|Instructor||Dr. Suzanne Rivoire|
|Meeting times||Tu 12:05–12:55 PM, Zinfandel 1000A|
|Drop-in office hours||MoWe 1–1:45 PM|
MoWe 4–5 PM
Office hours are in Darwin 116D. Please knock if the door to 116 is closed.
|Prerequisites||Grade of C- or better in CS 215, or consent of instructor.|
The major goals of this course are for you to
- Practice the major components of the technical job application process and interview:
- Researching companies
- Describing yourself and your projects
- Answering coding questions
- Create a resume that presents your accomplishments in the best light for entry-level software engineering jobs
- Find information on graduate programs in CS-related fields, and tentatively decide whether to consider this option
- Describe one or more major ethical issues in computing professions
You may download the course description and schedule in a consolidated pdf:
Coursework and Grading
Pre- and Post-class Activities
Each class will have a pre-class activity, a post-class activity, or both, to be submitted on Moodle. Most of these activities will take one of the following forms:
- Reflection on a topic
- Web research on a topic
- Working on your resume
If you're interested in pursuing a career in this field, these are almost all things you'll end up doing anyway.
Most of these activities will be graded as follows. On a 30-point scale (multiply by 2 for activities worth 60 points), you will earn up to 10 points based on whether you have completed the requirements. These 0-10 points will be multiplied by a scaling factor based on the quality of your work:
|x 1||Perfunctory: the bare minimum of content is present|
|x 2||Fair: sincere attempt to address the assignment, with serious flaws in execution and/or sloppy presentation|
|x 3||Thoughtful: content is well chosen and presented, with personal insight and reflection (where applicable)|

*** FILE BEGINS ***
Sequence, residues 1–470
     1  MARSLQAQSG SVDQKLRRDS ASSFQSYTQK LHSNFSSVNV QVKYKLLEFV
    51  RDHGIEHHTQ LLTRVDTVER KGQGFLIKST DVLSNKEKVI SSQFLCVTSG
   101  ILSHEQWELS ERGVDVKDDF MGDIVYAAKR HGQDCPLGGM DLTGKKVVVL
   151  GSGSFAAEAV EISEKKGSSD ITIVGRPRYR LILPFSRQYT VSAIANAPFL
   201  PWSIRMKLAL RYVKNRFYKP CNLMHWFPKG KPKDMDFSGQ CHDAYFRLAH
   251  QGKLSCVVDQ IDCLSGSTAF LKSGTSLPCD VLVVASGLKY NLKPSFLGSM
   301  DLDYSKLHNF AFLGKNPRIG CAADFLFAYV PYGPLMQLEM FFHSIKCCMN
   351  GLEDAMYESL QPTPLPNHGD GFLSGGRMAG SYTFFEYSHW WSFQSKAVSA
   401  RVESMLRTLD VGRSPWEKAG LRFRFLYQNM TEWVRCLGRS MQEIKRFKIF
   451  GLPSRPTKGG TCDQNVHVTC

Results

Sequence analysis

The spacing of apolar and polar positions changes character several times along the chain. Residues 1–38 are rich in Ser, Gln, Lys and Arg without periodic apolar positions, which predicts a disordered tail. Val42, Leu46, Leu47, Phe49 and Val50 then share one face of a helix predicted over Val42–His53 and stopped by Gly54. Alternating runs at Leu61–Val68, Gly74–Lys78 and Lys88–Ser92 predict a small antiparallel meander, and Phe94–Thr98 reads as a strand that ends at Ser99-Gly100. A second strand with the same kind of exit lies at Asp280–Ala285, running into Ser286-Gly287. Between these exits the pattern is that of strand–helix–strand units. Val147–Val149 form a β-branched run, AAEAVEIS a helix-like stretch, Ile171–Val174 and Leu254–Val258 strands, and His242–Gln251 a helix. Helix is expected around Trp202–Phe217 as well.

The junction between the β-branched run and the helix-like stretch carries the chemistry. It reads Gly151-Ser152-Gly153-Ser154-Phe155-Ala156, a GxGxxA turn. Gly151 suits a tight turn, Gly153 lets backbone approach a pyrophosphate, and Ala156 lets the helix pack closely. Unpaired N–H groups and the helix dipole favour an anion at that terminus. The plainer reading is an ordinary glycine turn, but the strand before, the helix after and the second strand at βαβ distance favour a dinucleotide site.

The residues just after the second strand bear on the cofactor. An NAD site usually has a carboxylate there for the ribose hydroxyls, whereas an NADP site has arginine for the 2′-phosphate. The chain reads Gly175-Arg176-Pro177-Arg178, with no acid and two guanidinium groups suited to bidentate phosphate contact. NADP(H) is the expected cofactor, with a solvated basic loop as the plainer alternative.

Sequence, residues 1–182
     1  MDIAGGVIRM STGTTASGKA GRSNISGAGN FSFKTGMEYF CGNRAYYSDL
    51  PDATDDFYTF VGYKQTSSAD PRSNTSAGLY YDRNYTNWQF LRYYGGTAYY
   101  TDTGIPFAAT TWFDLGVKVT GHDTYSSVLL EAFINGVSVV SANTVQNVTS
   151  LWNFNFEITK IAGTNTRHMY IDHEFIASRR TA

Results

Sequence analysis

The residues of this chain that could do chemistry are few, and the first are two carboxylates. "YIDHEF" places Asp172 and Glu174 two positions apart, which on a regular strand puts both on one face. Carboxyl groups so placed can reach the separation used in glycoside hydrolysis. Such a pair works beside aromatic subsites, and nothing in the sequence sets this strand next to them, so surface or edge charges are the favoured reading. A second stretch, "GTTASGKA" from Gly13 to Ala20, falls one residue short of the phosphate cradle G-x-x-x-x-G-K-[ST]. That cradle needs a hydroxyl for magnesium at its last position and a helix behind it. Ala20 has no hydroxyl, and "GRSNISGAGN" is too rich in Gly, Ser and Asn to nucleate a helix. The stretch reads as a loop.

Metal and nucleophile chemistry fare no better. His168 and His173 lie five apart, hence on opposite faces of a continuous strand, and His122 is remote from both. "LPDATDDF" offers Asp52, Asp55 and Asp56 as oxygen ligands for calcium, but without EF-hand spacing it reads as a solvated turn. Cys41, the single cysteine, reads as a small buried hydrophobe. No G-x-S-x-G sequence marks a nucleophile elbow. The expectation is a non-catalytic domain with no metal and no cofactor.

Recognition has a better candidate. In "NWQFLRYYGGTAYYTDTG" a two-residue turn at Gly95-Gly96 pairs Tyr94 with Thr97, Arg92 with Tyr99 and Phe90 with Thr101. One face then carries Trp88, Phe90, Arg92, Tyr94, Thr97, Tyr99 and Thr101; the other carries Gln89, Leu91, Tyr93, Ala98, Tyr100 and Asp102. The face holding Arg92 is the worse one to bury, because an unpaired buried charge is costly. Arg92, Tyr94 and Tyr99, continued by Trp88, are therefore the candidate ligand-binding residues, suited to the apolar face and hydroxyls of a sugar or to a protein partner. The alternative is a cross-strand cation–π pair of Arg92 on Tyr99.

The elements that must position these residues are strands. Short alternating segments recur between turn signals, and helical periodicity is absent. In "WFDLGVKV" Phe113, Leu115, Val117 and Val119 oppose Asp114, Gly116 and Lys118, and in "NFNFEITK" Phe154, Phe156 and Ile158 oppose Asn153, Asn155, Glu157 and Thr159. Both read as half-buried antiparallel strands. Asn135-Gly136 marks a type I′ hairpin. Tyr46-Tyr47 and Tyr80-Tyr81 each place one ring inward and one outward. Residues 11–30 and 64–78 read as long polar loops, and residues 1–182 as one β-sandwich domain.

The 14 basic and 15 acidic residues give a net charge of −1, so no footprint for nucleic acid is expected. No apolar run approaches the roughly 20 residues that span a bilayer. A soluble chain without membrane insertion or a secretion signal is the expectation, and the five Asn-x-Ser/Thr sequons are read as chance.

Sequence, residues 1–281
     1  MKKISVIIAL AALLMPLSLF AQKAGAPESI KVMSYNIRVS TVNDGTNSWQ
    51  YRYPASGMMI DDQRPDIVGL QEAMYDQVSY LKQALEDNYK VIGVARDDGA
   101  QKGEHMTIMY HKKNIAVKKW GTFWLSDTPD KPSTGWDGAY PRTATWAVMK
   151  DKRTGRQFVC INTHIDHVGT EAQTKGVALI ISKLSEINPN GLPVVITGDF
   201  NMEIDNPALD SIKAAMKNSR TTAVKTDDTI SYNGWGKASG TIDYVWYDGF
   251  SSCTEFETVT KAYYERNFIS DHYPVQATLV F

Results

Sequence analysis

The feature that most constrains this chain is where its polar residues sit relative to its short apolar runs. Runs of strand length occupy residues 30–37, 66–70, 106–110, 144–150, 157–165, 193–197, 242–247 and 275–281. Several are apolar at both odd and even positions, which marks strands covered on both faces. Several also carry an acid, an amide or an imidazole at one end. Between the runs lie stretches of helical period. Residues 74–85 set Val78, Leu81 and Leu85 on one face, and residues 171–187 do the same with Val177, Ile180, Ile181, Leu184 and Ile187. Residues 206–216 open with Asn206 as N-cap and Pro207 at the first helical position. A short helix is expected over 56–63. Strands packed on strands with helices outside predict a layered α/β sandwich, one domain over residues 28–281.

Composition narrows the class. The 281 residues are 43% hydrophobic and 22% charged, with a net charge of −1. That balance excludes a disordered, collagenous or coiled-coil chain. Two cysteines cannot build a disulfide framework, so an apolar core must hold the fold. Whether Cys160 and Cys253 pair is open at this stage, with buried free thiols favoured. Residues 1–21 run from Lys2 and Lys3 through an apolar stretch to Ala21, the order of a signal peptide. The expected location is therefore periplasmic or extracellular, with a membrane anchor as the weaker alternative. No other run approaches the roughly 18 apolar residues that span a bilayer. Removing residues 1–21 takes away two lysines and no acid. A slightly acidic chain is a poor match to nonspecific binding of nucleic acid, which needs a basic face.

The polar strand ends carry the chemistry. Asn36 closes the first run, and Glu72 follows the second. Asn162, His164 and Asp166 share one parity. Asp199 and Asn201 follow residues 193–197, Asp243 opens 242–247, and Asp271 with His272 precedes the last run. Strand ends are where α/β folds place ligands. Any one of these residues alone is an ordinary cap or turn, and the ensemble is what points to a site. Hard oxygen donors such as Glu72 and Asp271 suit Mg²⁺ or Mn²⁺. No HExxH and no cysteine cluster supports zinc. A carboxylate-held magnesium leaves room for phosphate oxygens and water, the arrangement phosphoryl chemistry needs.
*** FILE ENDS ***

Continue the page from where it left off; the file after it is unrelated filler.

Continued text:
"Thoughtful" doesn't mean long! It just means that you've put in the time to put together a considered response to the assignment.
You'll be assigned a group of 6 students for in-class activities, with a few opportunities to shuffle groups throughout the semester. Your in-class activities will consist largely of discussions and peer critiques with your group members. You'll get full credit for these activities as long as you attend the entire class session (don't be late!) and actively participate with your group.
Your grade for each class will be split into two components:
|Pre- and post-class activities||60%|
If a class has both a pre- and post-activity, they will be equally weighted.
There are 15 required weekly assignments. The Tuesday before Thanksgiving will have an optional make-up assignment.
True story: the SSU exam schedule doesn't list an exam period for this course's time slot. So I guess we're all off the hook for that.
No late work will be accepted.
The work in this class is specific to you, so it would be completely counterproductive and bizarre to cheat. But for completeness:
The work you turn in must be your work. If you have received significant assistance from another person, you should document the extent of that assistance. Directly copying part or all of someone else's work (including publicly available work on the internet) is academic dishonesty.
Penalties for Academic Dishonesty
Academic dishonesty will be severely penalized; at a minimum, you will receive a grade of 0 on the assignment. For more information, see SSU's cheating and plagiarism policy (http://www.sonoma.edu/UAffairs/policies/cheating_plagiarism.htm) and the Dispute Resolution Board website (http://www.sonoma.edu/senate/committees/drb/drb.html).
Course and University Resources
- The course homepage is http://rivoire.cs.sonoma.edu/cs385/.
- The schedule page (http://rivoire.cs.sonoma.edu/cs385/schedule.html) will be regularly updated with links to assignments.
The course gradebook will be kept on Moodle (http://moodle.sonoma.edu) so that you can check your grades and compute your average at any time. Grades will be posted to Moodle shortly after assignments are returned.
Course announcements will be sent to your SSU email address, so you should check your email frequently.
If you are a student with a disability and you think you may require accommodations, please register with the campus office of Disability Services for Students (DSS), located in Salazar Hall - Room 1049, Phone: (707) 664-2677, TTY/TDD: (707) 664-2958. DSS will provide you with written confirmation of your verified disability and authorize recommended accommodations. This authorization must be presented to the instructor before any accommodations can be made. Visit http://www.sonoma.edu/dss for more information.
There are important University policies that you should be aware of, such as the add/drop policy, cheating and plagiarism policy, grade appeal procedures, accommodations for students with disabilities, and the diversity vision statement.
Go to this URL to find them: http://www.sonoma.edu/uaffairs/policies/studentinfo.shtml.